Which Joe gave his name to ‘sloppy joes’? We look at five interesting sandwiches and their lexical origins.
Be involved in.‘he was party to some very shady deals’
get involved in, get involved with, be associated with, concern oneself in, involve oneself in, be a participant in, touch, handleView synonyms
- ‘‘I have been taken aback by the scale, even after all I've been party to in the game,’ he admits.’
- ‘Mr Wilson obviously has other plans that I have not been party to therefore we will have to look elsewhere to invest.’
- ‘Australia is a party to all the major human rights treaties and we should take them seriously, insisting that all laws and practices, state, territorial or federal, comply with them.’
- ‘That is not an example that my party and other parties want to be party to at all.’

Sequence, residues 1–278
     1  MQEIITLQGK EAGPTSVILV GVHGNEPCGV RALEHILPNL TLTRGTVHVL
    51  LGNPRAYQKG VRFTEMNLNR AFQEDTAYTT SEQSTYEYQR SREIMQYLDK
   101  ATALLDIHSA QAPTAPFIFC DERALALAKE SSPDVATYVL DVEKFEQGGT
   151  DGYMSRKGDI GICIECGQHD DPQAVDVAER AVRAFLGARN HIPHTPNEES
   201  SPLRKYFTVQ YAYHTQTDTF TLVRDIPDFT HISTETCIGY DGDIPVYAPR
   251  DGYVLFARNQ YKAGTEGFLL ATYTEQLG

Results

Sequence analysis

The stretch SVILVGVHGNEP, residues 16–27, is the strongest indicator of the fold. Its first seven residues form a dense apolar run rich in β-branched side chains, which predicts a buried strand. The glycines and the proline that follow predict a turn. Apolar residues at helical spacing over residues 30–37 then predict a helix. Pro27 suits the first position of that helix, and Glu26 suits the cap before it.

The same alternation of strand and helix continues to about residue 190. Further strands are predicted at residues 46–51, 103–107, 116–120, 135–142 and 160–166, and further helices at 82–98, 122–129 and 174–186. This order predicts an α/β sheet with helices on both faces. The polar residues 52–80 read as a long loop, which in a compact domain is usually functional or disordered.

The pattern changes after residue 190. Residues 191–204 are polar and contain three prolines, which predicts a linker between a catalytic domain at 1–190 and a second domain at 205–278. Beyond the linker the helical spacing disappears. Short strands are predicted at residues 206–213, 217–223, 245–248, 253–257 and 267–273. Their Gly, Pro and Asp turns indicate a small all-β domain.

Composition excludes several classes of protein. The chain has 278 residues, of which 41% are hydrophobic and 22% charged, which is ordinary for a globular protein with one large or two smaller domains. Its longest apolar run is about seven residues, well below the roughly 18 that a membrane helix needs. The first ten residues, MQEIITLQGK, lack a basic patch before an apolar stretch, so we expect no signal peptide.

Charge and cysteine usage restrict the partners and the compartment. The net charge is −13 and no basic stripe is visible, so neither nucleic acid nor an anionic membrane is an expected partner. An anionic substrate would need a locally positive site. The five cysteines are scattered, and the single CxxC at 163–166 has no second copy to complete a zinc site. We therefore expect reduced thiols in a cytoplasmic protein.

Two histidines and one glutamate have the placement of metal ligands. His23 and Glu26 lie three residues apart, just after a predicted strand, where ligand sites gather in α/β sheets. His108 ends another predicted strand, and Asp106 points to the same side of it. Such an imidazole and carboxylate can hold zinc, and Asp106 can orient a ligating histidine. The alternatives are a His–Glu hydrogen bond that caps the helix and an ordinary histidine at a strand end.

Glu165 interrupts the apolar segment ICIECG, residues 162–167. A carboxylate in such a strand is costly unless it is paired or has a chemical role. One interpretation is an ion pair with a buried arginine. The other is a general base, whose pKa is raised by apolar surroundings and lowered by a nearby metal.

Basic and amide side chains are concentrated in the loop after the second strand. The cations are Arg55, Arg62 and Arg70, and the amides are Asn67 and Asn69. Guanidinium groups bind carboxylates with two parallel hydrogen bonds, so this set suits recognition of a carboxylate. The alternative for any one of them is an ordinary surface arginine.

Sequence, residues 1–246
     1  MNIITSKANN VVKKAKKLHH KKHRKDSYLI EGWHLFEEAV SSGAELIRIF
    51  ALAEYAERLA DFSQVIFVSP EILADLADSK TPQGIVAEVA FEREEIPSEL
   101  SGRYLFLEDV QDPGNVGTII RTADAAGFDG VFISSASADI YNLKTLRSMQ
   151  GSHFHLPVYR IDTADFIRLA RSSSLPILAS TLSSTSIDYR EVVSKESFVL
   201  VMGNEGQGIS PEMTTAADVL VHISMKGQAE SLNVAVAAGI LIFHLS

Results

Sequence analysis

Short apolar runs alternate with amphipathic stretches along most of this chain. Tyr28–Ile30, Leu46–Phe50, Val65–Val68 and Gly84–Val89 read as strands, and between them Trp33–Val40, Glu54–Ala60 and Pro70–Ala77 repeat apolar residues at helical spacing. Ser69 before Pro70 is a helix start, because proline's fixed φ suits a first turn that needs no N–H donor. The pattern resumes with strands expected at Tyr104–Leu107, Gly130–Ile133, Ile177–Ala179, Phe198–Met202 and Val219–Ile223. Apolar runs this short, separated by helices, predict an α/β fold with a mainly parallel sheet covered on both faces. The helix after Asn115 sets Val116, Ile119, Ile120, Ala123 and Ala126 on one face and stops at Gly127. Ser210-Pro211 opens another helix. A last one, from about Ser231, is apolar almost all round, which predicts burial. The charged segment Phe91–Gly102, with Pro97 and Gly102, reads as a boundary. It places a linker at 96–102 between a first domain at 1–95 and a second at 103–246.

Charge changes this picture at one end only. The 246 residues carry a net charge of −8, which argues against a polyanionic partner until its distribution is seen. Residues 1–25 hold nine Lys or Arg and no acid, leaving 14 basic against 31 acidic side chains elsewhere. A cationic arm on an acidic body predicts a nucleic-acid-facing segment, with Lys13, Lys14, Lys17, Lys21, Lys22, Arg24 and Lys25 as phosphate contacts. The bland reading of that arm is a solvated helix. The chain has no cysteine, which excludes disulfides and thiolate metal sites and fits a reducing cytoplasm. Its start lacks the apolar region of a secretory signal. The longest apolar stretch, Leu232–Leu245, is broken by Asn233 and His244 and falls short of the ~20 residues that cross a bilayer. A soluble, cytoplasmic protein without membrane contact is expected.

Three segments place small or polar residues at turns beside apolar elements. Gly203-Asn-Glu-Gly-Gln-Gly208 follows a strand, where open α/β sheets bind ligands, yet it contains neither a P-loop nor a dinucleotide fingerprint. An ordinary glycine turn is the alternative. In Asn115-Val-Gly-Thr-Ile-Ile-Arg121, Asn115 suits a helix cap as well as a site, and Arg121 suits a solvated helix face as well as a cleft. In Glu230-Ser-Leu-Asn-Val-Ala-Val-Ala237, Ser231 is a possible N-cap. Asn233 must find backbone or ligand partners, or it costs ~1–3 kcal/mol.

- ‘The Government is party to more than 1000 bankruptcy cases.’
- ‘Mother Teresa once recounted an incident she was party to in London.’
- ‘One wonders, too, if he was a party to, participant indeed in, the villainies of Thomas J. Wise?’
- ‘And they actively participate in these pleasures - pleasures that I haven't been party to for years.’
- ‘That is why it is party to more international disarmament treaties than almost any other country in the region.’
- ‘Yes because they were party to what has turned out to be open, active aggression against a third country that in no way was a threat to them and of course their reasons for going in have proved to be absolutely baseless.’
We take a look at several popular, though confusing, punctuation marks.
From Afghanistan to Zimbabwe, discover surprising and intriguing language facts from around the globe.
The definitions of ‘buddy’ and ‘bro’ in the OED have recently been revised. We explore their history and increase in popularity.